Sonny Bono and Cher (Special photo)
Of all the different vocal group combinations — all male, all female, male-female groups, trios, mixed trios, male duos and female duos — the least successful has been male/female duos.
From the summer of 1955 — the beginning of the modern rock ‘n’ roll era — through 1965, only four male-female pairs managed to notch Top 5 hits. Ironically, three of the pairs had No. 1 hits in 1963. The fourth duo, Sonny & Cher, scored in 1965.
Three male/female duos, Les Paul and Mary Ford, Mickey and Sylvia, and Billie and Lillie, all had hit records during that period but none that reached the Top 5.
From 1955 to 1961, the husband-and-wife duo of Les Paul and Mary Ford had five Top 40 hits, the biggest of which was “Hummingbird,” which rose to No. 7 in 1955.
Mickey and Sylvia had their only hit in the winter of 1957 when “Love is Strange” jumped to No. 11. The song, recorded 56 years ago, is now an integral part of a Nationwide Insurance TV ad.
Billie and Lillie scored with “La Dee Dah” and “Lucky Ladybug” in 1958 and 1959, respectively. “La Dee Dah” reached No. 9 and “Lucky Ladybug” No. 14.
There also were male/female duos who combined for a song or an album but did not perform on a regular basis. Those combinations include Chubby Checker and Dee Dee Sharp, Frank and Nancy Sinatra, Marvin Gaye with Tammi Terrell and Mary Wells, Dolly Parton and Kenny Rogers, Dawson’s own Otis Redding and Carla Thomas, Diana Ross and Lionel Richie, and Johnny Cash and June Carter.
Ray “Paul” Hildebrand, of Joshua, Texas, and Jill “Paula” Jackson, of McCaney, Texas, were the first male/female duo to have a No. 1 hit when “Hey Paula” hit the top spot on Feb. 9, 1963.
A basketball scholarship student at Howard Payne College in Texas, Hildebrand was inspired by Annette’s hit “Tall Paul” and started writing a song about Paul and Paula. Hildebrand lived in a boarding house during the school year, and Jackson was the owner’s niece. They were introduced and performed Hildebrand’s initial version of “Paul and Paula” at an American Cancer Society benefit. The duo recorded the song, and it broke into the Top 100 in December 1962. Seven weeks later in was No. 1.
Two of their other songs, “Young Lovers” and “First Quarrel,” were Top 40 hits in 1963, rising to No. 6 and No. 27, respectively.
A brother-sister duo from Niagara Falls, N.Y., Nino Tempo and April Stevens, had a No. 1 smash with a remake of “Deep Purple” on Nov. 16, 1963. It also was a No. 1 hit for Larry Clinton and his Orchestra in 1939.
Originally working as solo performers, Tempo and Stevens joined to record “Deep Purple,” which quickly became a smash hit.
They had three other Top 40 hits. “Whispering” jumped to No. 11 in the winter of 1963. It was a No. 1 hit for Paul Whiteman and his Orchestra in 1920. Their version of “Stardust” rose to No. 32 in 1964 after being a No. 1 hit for Isham Jones and his Orchestra in 1931. Their final hit was “All Strung Out,” which climbed to No. 26 in 1966.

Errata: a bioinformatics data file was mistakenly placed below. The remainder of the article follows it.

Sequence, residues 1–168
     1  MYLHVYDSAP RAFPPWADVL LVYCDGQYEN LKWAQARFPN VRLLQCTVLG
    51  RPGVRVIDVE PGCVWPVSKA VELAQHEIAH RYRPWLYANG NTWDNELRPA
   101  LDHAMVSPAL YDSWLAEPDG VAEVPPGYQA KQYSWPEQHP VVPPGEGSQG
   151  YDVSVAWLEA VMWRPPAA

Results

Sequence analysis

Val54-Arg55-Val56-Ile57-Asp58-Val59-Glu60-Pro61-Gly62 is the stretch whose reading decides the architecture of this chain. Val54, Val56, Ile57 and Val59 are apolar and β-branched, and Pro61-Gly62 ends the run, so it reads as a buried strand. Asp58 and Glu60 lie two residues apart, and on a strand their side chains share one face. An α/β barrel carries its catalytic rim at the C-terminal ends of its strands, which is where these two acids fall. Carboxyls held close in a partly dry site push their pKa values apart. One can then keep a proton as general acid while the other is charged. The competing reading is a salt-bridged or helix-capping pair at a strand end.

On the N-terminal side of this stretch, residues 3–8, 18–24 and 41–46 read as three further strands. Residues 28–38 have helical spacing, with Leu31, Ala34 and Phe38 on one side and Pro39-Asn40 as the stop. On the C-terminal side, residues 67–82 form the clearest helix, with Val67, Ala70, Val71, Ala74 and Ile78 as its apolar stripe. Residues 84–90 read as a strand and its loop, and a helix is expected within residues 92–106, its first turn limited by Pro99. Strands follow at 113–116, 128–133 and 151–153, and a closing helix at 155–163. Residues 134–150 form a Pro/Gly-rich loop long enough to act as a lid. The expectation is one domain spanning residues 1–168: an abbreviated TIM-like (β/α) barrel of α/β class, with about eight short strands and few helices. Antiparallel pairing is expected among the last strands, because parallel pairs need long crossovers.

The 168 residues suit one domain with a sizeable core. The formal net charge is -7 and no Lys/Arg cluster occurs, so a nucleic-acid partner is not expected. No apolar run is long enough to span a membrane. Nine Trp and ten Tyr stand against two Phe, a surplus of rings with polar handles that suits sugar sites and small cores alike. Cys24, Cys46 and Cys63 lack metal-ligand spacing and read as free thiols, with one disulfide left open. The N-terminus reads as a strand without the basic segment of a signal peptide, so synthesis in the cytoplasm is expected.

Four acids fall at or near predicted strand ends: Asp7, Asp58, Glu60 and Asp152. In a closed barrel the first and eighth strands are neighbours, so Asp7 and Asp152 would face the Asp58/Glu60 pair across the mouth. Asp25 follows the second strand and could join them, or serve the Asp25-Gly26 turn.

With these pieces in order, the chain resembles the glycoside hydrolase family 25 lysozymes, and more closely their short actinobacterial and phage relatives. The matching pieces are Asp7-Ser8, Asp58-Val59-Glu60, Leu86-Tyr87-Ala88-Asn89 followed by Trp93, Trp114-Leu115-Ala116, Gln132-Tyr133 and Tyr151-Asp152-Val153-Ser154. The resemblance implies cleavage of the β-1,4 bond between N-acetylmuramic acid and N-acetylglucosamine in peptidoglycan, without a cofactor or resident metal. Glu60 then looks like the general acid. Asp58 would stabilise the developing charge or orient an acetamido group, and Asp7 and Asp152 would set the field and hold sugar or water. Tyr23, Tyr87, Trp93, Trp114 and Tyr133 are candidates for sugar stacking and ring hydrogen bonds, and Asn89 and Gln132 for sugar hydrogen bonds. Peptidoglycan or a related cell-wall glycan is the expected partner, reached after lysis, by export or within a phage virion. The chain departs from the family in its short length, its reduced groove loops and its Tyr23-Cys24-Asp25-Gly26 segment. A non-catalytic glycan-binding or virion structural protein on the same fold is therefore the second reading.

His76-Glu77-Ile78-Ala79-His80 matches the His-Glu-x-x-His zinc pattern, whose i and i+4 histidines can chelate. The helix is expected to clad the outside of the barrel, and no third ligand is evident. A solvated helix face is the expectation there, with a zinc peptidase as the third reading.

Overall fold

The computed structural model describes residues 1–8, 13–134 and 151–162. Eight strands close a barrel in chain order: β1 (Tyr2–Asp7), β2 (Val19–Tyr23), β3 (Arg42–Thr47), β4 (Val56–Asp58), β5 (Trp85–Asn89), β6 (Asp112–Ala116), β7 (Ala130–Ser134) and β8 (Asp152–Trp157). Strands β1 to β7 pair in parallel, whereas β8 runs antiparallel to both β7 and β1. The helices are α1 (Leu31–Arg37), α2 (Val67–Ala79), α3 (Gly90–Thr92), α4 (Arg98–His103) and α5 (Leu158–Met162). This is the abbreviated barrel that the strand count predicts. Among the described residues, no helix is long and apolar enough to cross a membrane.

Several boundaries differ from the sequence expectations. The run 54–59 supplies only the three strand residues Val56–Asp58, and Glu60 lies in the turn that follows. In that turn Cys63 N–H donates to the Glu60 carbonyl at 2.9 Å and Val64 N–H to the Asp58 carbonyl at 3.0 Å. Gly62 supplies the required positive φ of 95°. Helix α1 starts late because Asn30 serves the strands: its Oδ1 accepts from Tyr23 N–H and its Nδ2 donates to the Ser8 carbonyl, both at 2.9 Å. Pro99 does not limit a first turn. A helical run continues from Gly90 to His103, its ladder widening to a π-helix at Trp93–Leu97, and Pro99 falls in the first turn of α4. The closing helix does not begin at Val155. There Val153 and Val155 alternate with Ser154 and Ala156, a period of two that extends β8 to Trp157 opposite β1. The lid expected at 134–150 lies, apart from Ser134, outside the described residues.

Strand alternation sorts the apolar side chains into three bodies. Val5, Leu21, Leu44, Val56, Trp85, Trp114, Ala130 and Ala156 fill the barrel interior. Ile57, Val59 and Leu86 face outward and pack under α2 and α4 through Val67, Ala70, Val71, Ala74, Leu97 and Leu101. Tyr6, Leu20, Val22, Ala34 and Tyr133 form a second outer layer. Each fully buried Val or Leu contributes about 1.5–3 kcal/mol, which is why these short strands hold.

One week later, on Nov. 23, 1963, another male/female duo unseated “Deep Purple” with the nation’s No. 1 hit.
Dale Houston, of Ferriday, La., hometown of Jerry Lee Lewis, and Grace Broussard, of Prairieville, La., were the third male-female duo to chart a No. 1 song in 1963 with “I’m Leaving It Up to You.”
Sam Montel, owner of Montel records, introduced the pair, and they recorded “I’m leaving It Up to You” a short while later. It quickly reached the top spot.
Dale and Grace had their other Top 40 hit when “Stop and Think It Over” climbed to No. 8 during February 1964.
A combination of Houston’s health problems and professional differences caused the duo to disband.
The husband-wife duo of Sonny Bono, of Detroit, and Cher Sarkisian Bono, of El Centro, Calif., hit the top of the charts with “I Got You Babe” on Aug. 14, 1965, unseating “Satisfaction” by the Rolling Stones.
The pair first worked together as backup singers for renowned record producer Phil Spector. Among the rock classics they sang backing vocals on were “Da Doo Ron Ron” by the Crystals, “Be My Baby” by the Ronettes and “You’ve Lost That Lovin’ Feeling” by the Righteous Brothers.
They had 10 other Top 40 hits, five of which reached the Top 10: “Laugh at Me” and “Baby Don’t Go” in 1965, “The Beat Goes On” in 1967, “All I Ever Need is You” in 1971 and “A Cowboy’s Work Is Never Done” in 1972.
The duo quickly diversified their interests.
Sonny and Cher had a variety show on CBS-TV from 1971 to 1974, the year their 11-year marriage ended. The show returned in 1976 and ended in 1977.
Sonny turned to politics, serving as mayor of Palm Springs, Calif., from 1988 to 1992 and was elected to the U.S. House of Representatives in 1994. He was killed in a skiing accident on Jan. 5, 1998 in Lake Tahoe, Calif.
Cher, meanwhile, worked as a solo artist and had three No. 1 hits after splitting from Sonny: “Half-Breed” in 1973, “Dark Lady” in 1974 and “Believe” in 1999.
She became one of Hollywood’s premier actresses, winning an Oscar for “Moonstruck” in 1987. Cher also developed into one of the top acts in Las Vegas and on the concert circuit.
Barry Levine writes about music and the movies for The Albany Herald. He can be reached at firstname.lastname@example.org.